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Thread: What is accessible text for representing a time of day?

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From: Jeremy Echols
Date: Mon, Mar 27 2017 1:15PM
Subject: What is accessible text for representing a time of day?
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We have building hours listed on a page, and right now they say things like "9am-6pm". This sounds really confusing in NVDA - "9am" seems to be read as "9 ammeters" in some cases (but not all, oddly). I have tried various ways outputs, such as "9 a.m." and "9 AM", but I keep getting it read wrong.

I know one rule of working with screen readers was to avoid trying to force pronunciation, so I feel like there must be a better way to create times that make sense to everybody without spelling out "Nine o'clock in the morning until six o'clock in the evening". But for the life of me I can't find it. Help!

From: Jennifer Sutton
Date: Mon, Mar 27 2017 2:19PM
Subject: Re: What is accessible text for representing a time of day?
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In my view, both as a screen reader user and as someone who works with
developers, this is not a concern/an issue.

Please write your times as you normally would, and trust screen reader
users to handle their part of the "accessibility contract. It is our
responsibility to "mind" our screen reader and check, character by
character, if we are confused for some reason.


Thank you for your concern, as so many on this list always seem to be,
but screen reader users have bigger fish to fry than pronunciation
issues, even if that seems to be what sighted folks focus on.


In my experience, assuring functionality, rather than a high standard of
pronunciation (which can vary across screen readers and by user
settings) is *far* more important.


Jennifer



On 3/27/2017 12:15 PM, Jeremy Echols wrote:
> We have building hours listed on a page, and right now they say things like "9am-6pm". This sounds really confusing in NVDA - "9am" seems to be read as "9 ammeters" in some cases (but not all, oddly). I have tried various ways outputs, such as "9 a.m." and "9 AM", but I keep getting it read wrong.
>
> I know one rule of working with screen readers was to avoid trying to force pronunciation, so I feel like there must be a better way to create times that make sense to everybody without spelling out "Nine o'clock in the morning until six o'clock in the evening". But for the life of me I can't find it. Help!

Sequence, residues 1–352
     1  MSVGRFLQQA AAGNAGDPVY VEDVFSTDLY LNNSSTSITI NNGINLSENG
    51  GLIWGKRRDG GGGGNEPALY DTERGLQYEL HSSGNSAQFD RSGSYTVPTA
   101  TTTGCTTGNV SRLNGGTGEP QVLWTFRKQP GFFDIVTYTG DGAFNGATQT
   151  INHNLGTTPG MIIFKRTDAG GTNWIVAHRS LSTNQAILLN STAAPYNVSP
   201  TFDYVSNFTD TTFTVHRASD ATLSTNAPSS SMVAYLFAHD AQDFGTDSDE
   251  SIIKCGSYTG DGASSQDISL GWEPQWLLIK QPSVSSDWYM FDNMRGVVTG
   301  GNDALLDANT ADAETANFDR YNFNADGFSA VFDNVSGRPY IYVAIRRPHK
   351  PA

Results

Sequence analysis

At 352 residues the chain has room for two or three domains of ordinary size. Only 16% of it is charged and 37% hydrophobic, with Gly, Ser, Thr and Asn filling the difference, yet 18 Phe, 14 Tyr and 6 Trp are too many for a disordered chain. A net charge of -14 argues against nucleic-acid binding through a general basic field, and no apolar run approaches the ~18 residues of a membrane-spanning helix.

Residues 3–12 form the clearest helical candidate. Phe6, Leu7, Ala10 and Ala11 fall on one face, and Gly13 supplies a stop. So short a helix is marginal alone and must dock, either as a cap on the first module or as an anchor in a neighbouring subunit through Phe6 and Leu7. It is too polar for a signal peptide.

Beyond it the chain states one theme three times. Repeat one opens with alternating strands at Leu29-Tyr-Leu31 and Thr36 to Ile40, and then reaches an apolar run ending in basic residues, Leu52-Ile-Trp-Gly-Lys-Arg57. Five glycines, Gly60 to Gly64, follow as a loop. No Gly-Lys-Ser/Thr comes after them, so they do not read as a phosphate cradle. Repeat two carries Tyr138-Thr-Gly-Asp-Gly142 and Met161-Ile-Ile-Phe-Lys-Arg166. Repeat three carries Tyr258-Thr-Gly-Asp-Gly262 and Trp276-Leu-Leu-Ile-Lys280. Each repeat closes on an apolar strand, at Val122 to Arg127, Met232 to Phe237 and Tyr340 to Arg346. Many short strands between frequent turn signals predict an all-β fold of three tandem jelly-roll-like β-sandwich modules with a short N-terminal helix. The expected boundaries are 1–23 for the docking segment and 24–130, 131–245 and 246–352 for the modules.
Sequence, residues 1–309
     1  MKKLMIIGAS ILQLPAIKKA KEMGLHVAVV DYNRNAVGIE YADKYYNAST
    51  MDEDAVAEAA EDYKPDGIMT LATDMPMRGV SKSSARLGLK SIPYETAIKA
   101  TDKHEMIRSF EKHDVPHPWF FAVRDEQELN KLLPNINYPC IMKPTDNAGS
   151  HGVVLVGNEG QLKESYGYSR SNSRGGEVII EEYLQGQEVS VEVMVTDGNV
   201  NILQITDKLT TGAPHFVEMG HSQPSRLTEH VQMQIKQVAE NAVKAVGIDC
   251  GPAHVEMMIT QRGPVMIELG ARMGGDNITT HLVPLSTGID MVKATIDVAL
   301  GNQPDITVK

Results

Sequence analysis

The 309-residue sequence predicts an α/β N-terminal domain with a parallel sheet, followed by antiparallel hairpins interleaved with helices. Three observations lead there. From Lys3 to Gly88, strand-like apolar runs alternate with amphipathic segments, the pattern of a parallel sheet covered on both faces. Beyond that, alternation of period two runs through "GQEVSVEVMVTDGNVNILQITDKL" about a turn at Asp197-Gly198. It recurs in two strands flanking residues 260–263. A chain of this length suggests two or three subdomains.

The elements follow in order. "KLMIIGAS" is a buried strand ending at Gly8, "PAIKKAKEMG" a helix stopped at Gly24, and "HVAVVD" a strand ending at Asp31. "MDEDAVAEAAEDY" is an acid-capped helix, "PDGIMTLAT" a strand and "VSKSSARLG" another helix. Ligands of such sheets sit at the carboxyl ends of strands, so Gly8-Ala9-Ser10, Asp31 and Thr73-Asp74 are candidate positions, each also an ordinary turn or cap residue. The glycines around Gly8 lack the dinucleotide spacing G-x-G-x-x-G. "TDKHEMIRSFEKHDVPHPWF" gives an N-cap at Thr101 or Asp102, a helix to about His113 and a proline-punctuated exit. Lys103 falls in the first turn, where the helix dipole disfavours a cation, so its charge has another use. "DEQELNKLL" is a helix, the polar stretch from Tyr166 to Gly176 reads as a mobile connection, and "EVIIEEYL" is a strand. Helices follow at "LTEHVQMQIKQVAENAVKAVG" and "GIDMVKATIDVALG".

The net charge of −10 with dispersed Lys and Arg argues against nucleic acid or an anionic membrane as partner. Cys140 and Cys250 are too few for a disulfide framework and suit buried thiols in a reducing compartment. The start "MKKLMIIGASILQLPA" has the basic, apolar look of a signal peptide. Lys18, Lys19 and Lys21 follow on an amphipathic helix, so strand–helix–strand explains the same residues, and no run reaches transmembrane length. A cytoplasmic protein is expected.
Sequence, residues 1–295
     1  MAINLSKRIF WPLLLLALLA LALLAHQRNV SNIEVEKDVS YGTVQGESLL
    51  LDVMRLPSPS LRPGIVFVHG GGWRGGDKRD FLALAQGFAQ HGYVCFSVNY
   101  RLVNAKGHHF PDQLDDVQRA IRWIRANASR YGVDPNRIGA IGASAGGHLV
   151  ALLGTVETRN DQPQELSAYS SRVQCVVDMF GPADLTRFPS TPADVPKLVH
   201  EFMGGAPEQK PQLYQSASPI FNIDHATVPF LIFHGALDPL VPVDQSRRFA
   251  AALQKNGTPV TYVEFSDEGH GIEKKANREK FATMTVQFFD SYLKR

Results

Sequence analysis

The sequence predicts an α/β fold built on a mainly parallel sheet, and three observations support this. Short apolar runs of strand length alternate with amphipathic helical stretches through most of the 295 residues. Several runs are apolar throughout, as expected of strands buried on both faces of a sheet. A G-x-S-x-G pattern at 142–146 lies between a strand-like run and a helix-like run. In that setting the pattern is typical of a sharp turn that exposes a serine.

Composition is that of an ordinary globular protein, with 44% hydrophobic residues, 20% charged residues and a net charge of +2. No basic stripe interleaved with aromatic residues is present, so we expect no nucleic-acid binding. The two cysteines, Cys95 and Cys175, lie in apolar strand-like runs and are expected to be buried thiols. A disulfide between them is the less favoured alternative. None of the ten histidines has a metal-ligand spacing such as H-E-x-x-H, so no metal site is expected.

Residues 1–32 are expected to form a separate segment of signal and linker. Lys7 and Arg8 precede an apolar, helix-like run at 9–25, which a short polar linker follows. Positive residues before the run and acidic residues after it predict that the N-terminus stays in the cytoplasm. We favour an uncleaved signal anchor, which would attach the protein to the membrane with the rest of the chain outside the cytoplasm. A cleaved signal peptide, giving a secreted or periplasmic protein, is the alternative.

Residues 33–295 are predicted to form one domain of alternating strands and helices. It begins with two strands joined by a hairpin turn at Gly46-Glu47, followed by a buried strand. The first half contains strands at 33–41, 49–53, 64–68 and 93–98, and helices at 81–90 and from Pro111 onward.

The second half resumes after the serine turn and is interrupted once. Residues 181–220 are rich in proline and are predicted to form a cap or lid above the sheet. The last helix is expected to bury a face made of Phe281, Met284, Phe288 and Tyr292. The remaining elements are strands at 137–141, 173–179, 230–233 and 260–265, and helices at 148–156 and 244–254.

> > > >

From: KP
Date: Mon, Mar 27 2017 3:02PM
Subject: Re: What is accessible text for representing a time of day?
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Of course you could use the 24 clock as railways and military have for years. I've never understood the confusion people have with nor the attachment to am And pm. (Said tongue firmly in cheek as I remain personally in favour of imperial over metric for most everyday transaction -YMMV)

Kevin

Sent from my iPhone

> On 28/03/2017, at 9:19 AM, Jennifer Sutton < = EMAIL ADDRESS REMOVED = > wrote:
>
> In my view, both as a screen reader user and as someone who works with developers, this is not a concern/an issue.
>
> Please write your times as you normally would, and trust screen reader users to handle their part of the "accessibility contract. It is our responsibility to "mind" our screen reader and check, character by character, if we are confused for some reason.
>
>
> Thank you for your concern, as so many on this list always seem to be, but screen reader users have bigger fish to fry than pronunciation issues, even if that seems to be what sighted folks focus on.
>
>
> In my experience, assuring functionality, rather than a high standard of pronunciation (which can vary across screen readers and by user settings) is *far* more important.
>
>
> Jennifer
>
>
>
>> On 3/27/2017 12:15 PM, Jeremy Echols wrote:
>> We have building hours listed on a page, and right now they say things like "9am-6pm". This sounds really confusing in NVDA - "9am" seems to be read as "9 ammeters" in some cases (but not all, oddly). I have tried various ways outputs, such as "9 a.m." and "9 AM", but I keep getting it read wrong.
>>
>> I know one rule of working with screen readers was to avoid trying to force pronunciation, so I feel like there must be a better way to create times that make sense to everybody without spelling out "Nine o'clock in the morning until six o'clock in the evening". But for the life of me I can't find it. Help!
>> >> >> >> >
> > > >

From: Jeremy Echols
Date: Mon, Mar 27 2017 3:42PM
Subject: Re: What is accessible text for representing a time of day?
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Jennifer, thanks for the input. I was really only worried about figuring out pronunciation if I was missing some obvious, semantic way to do this. When I ask NVDA for the current time, for instance, it reads it just fine, so I figured I must be doing something wrong.

Kevin: I'd love to go with military time, personally. It's just so much more straightforward. Pretty sure I won't convince the world anytime soon, though :)

-----Original Message-----
From: WebAIM-Forum [mailto: = EMAIL ADDRESS REMOVED = ] On Behalf Of KP
Sent: Monday, March 27, 2017 2:02 PM
To: WebAIM Discussion List < = EMAIL ADDRESS REMOVED = >
Subject: Re: [WebAIM] What is accessible text for representing a time of day?